NWR Women's tennis

That's right, Colin - Jackie Pallow too, and Kent Walton. And Tibor Szakacs with his karate chop.

Then there were the little old ladies in ringside seats jumping up to handbag the baddies. In retrospect that was probably scripted too.

We probably take sport too seriously these days, but there must be a happy medium between professional wrestling and the current multimillion pound industries. Does that help bring the thread back on topic?
 

Tom Cannavan

Administrator
Les Kellet was remarkable for being so unremarkable - as plain as a pikestaff and not a costume or gimmick that I can recall. I think at the time I maybe believed he was playing it for real against all his more comedy-oriented brethren.
 
How could I have forgotten about Les Kellett?!

There were some who really did appear to be doing it properly and seriously - wasn't there a lightweight guy called George Kidd or something who was supposedly World Champion for many years?
 
Not exactly women's tennis but has anyone else noted the achievements of Londoner Joe Salisbury? Won both men's and mixed doubles at the US Open to add to his mixed win at the French Open this year. So that's a Brit winning three grand slams in a year and barely a footnote in UK media as far as I've noticed.
One of the cadre of astonishing young tennis players at my club is his best mate. I ran into him outside the Wimbledon qualifiers and asked him how he was as I hadn’t seen him around the club for a while. He was very excited because Joe was playing in the final round of qualifying of men’s doubles and he was off to support him. That was about three years ago.

Not quite the meteoric rise of Radacanou but in tennis terms not far off it.
 
I know that it's romantic to posit that Emma Raducanu 'came out of nowhere', but she has been playing tennis since she was five years old and spotted by the LTA aged 9 and put into their special program for youngsters of excellence. So that's nearly a decade of hard graft put in before turning up for the Wimbledon qualifiers this year. The idea that that kind of prowess appears out of nowhere just doesn't fly.

Oh, I thought she just rocked up to New York and said "what do I do with this funny bat thing", ruined the whole thing for me! ;)
 
Eddie is a lovely bloke, not a bad recreational skier. But in tennis terms he would not have made it past the first qualifying round.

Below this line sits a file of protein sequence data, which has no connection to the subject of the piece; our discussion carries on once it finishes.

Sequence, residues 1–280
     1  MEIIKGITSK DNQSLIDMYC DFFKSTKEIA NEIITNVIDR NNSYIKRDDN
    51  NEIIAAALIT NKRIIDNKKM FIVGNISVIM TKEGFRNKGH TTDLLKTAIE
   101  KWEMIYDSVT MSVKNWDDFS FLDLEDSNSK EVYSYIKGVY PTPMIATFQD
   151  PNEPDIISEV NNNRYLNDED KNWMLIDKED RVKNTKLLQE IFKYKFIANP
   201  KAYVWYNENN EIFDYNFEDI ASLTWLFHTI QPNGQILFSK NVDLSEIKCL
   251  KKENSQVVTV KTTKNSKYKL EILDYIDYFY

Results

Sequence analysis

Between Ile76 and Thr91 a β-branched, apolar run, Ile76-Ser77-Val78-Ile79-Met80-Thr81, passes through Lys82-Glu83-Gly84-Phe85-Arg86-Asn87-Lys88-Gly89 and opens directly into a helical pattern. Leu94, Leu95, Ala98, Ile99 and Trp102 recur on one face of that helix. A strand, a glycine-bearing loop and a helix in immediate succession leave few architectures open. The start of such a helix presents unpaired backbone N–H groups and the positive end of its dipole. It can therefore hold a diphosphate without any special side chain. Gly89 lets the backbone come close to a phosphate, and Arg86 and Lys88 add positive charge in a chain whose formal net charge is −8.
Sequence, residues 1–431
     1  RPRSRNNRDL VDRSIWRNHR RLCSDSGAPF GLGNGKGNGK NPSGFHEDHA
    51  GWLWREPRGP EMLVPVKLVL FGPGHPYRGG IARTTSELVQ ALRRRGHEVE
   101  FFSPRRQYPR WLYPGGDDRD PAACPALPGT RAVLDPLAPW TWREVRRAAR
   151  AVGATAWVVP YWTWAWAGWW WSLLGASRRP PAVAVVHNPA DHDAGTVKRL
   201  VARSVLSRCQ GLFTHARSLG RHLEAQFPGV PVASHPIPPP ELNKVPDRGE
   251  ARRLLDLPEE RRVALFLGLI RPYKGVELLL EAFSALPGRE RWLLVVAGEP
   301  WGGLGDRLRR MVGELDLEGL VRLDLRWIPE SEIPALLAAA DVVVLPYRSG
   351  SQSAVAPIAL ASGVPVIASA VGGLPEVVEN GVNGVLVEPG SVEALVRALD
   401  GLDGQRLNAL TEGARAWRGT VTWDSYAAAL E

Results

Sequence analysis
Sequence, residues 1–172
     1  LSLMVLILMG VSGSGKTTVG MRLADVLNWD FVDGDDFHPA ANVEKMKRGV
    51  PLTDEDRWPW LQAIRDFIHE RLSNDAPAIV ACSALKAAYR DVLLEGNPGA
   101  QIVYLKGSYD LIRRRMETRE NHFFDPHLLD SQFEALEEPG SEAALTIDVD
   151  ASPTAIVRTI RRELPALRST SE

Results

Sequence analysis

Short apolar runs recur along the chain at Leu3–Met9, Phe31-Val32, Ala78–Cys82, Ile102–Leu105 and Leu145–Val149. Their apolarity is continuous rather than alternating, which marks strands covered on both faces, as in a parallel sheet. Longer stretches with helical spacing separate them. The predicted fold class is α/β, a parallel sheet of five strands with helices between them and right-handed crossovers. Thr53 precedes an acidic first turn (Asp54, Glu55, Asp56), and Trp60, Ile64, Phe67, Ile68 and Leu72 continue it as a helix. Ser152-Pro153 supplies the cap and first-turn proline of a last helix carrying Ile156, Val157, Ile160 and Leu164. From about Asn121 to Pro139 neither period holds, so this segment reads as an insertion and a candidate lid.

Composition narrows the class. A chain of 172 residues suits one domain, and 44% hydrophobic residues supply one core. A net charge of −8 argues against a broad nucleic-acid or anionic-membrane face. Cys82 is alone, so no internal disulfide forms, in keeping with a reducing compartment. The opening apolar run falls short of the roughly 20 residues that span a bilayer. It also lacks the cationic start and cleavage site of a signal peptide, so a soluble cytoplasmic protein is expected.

His world ranking was 55 in the year before the Olympics. So several hacks better than recreational, and would stand a fair chance of qualifying in the US Open, but probably not getting much further.

Emma OTOH was ranked 345 at the start of this year. Still a perfectly competent player of course, but it is a measure of how she "came from nowhere" in winning tbe whole competition without dropping a set.
 
You surprise me. He used to ski at our local dry slope a his skiing was effective rather than with style.
Was that his ranking at the olympics or worldwide? I would suspect there were 55 better.ski jumpers in Helsinki or any other Nordic capital than Eddie.
 
Was that his ranking at the olympics or worldwide?
Worldwide. My source is his Wikipedia article, so it must be true ;) Sadly no source is quoted for the statistic. It also said he switched to jumping because he was not good enough at downhill to progress far, which maybe ties in with what you say?

Must admit though, that what you say about many ski-jumpers in Nordic countries probably being better sounds right to me.

Just checked, and the 55 ranking is also mentioned a few other places, including the TeamGB website
 
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Wonder if the 55 is an artifact of how the ranking is calculated.

For example if there are a few international events with 50 or 60 competitors, the UK is allowed to send one competitor to each one, Eddie comes last in every one, and he doesn't take part in other less-prestigious competitions
 
Raducanu was/is superb. But no more so IMHO than Rachael Blackmore. Six Cheltenham Festival winners, including the Champion Hurdle, gave her the Festival jockeys' championship in March. She followed this astonishing achievement a month later by winning the Grand National.

Lest anyone might think that she had the best horses to ride in those races, no-one who knows racing would think that. Her talent in reading a race tactically, and in creating an empathetic partnership with each of so many different horses, marks her out as a uniquely talented jockey in today's jump racing. She suffered some nasty injuries in a fall in July, but expects to be back riding well before the end of the year.

She is tough of course (taking two horrid falls in other races at the same Cheltenham Festival), but also graceful, unassuming, approachable and friendly. Just as much a star of her sport as Emma Raducanu is of tennis.
 

Tom Cannavan

Administrator
Raducanu was/is superb. But no more so IMHO than Rachael Blackmore. Six Cheltenham Festival winners, including the Champion Hurdle, gave her the Festival jockeys' championship in March. She followed this astonishing achievement a month later by winning the Grand National.

Lest anyone might think that she had the best horses to ride in those races, no-one who knows racing would think that. Her talent in reading a race tactically, and in creating an empathetic partnership with each of so many different horses, marks her out as a uniquely talented jockey in today's jump racing. She suffered some nasty injuries in a fall in July, but expects to be back riding well before the end of the year.

She is tough of course (taking two horrid falls in other races at the same Cheltenham Festival), but also graceful, unassuming, approachable and friendly. Just as much a star of her sport as Emma Raducanu is of tennis.

But Mark, Mark, Mark: she had a horse to help her ;)
 
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